Dear Carol: My husband and I are retired and were enjoying our quiet life when my fiercely independent 89-year-old mother started showing signs of dementia. We felt that it was best for her to move in with us and she reluctantly agreed. Mother's been in our home for seven months and, while my husband is a saint, I'm not. She's driving me crazy. She tries to cook and I spend hours cleaning up from burned food and dumped wastebaskets. She tries to do her own personal care in the bathroom and dumps things in the toilet and then flushes so we've needed a plumber twice, so far. She has dropped and broken my makeup bottles, leaving huge messes. She wants to eat in the living room and spills and rubs the mess into the couch. I've tried to talk to her, but she says that she's used to her own life. I know this isn't her fault and that I'm supposed to be patient, but I'm not a natural caregiver. This makes me feel guilty but there you have it. Am I that unusual, or do we live in a world of saints? - BD.
Dear BD: Media stories about caregivers who appear completely selfless abound, so when the average family caregiver in their view falls short, they feel guilty. Sainthood is not a requirement for caregiving. You are a good person with limits and recognizing your limits is one sign of maturity. This may surprise you, but it's also the sign of a good caregiver. We need to know when to ask for help.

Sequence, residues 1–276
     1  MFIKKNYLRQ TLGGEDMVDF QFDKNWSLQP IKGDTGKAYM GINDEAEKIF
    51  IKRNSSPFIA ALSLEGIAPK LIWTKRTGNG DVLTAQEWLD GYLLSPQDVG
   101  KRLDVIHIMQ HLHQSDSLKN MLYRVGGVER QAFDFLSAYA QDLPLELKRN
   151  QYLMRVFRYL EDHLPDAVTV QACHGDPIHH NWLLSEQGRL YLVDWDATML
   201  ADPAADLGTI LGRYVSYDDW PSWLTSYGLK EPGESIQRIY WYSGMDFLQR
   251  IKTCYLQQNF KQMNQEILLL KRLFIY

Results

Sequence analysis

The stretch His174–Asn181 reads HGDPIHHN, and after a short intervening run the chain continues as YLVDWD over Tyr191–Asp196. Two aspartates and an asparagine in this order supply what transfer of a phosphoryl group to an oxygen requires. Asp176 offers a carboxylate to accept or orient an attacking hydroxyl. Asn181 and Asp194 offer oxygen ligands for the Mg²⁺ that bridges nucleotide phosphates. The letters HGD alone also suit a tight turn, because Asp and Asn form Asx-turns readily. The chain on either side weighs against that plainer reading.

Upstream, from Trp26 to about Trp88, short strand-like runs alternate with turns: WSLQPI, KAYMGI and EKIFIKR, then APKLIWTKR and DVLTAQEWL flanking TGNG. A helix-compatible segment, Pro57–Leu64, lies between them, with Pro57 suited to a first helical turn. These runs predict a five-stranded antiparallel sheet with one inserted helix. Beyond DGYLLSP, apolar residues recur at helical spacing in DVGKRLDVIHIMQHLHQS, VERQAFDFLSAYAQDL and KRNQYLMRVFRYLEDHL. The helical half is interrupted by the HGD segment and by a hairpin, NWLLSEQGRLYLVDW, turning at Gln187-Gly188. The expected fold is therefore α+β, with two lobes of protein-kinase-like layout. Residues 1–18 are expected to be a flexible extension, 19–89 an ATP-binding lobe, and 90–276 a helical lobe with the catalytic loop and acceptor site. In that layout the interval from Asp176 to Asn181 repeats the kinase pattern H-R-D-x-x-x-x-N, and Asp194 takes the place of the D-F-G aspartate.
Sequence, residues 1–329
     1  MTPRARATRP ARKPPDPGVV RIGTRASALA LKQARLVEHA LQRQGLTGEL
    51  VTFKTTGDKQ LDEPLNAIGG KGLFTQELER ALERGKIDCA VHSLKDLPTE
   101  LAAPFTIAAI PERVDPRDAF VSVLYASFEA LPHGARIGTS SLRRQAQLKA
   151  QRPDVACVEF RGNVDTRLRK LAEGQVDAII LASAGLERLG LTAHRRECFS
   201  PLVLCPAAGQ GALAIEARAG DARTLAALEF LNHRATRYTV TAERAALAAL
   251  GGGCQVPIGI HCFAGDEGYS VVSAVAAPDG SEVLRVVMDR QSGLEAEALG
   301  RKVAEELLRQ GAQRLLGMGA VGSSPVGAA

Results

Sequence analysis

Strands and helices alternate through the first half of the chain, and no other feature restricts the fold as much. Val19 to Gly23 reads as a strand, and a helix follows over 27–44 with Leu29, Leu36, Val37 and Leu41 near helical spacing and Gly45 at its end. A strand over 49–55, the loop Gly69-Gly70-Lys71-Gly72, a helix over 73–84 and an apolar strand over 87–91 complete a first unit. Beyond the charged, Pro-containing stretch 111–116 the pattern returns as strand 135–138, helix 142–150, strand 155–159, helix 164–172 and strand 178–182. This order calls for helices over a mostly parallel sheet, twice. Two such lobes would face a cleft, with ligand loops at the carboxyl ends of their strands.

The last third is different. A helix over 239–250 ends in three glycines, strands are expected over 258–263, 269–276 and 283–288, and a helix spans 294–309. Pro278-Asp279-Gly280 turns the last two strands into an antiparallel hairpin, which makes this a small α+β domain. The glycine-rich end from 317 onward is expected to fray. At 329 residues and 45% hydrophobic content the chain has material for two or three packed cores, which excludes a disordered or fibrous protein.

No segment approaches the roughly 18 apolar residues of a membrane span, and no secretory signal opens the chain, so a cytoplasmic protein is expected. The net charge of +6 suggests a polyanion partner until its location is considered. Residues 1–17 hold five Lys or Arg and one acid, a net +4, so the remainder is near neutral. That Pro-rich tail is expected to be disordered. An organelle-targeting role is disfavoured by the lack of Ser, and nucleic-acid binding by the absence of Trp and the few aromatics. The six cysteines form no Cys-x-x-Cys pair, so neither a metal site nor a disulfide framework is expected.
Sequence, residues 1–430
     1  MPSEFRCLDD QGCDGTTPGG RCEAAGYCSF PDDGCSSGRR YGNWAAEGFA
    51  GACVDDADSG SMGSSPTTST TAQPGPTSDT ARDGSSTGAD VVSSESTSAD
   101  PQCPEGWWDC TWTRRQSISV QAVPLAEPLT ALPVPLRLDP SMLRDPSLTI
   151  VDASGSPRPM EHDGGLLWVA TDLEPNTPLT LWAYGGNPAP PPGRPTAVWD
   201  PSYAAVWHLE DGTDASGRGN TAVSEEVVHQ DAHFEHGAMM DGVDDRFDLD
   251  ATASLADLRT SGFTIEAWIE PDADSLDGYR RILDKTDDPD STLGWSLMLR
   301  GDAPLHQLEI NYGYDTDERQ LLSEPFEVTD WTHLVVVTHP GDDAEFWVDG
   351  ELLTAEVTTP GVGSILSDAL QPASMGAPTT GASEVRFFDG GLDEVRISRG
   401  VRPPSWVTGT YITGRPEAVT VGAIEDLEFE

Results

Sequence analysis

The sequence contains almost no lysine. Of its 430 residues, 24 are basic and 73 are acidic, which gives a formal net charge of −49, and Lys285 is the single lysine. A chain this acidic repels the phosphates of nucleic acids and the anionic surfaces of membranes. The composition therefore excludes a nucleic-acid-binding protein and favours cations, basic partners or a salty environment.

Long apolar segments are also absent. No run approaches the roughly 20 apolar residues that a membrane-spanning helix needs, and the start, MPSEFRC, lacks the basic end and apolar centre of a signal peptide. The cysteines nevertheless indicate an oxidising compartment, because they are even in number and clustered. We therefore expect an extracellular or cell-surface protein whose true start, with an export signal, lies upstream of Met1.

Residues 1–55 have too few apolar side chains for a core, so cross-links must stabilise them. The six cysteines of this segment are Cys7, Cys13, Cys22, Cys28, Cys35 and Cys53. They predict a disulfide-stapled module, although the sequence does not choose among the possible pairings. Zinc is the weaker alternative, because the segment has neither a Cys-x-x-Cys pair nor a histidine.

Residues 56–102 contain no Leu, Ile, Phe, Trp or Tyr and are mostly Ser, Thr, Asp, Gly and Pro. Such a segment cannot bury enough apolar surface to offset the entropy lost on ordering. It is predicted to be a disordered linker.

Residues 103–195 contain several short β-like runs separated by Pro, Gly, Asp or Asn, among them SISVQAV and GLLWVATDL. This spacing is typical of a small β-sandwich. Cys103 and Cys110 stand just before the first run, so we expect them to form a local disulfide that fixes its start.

Your good sense shows in that you instinctively understand that your mother's behavior isn't her fault. She's just trying to live her life. However, that's what you are trying to do, as well.
You could try hiring an in-home care agency to come in and help your mother cook, bathe and otherwise stay occupied. At least giving this type of care a chance could ease any guilt that you feel about moving your mother into assisted living, and there is a small chance that it may work for a while to put off this change.
However, considering your mother's love for independence, I think that assisted living may be a good choice as long as you have homes in your community that provide an acceptable quality of care. You could visit regularly and handle your mother's medical appointments. You could take her out if she enjoys that. Trained staff, however, would be integrating her into activities so that she can safely do what she wants to do.
Your mother sounds like she could be active for quite some time and she should have that freedom. Meanwhile, you and your husband also deserve time for yourselves so that you can enjoy your retirement. What you don't want is for caregiving stress to destroy your health and leave your mother without a daughter. There's no need for guilt. You are still a considerate, respectful caregiver.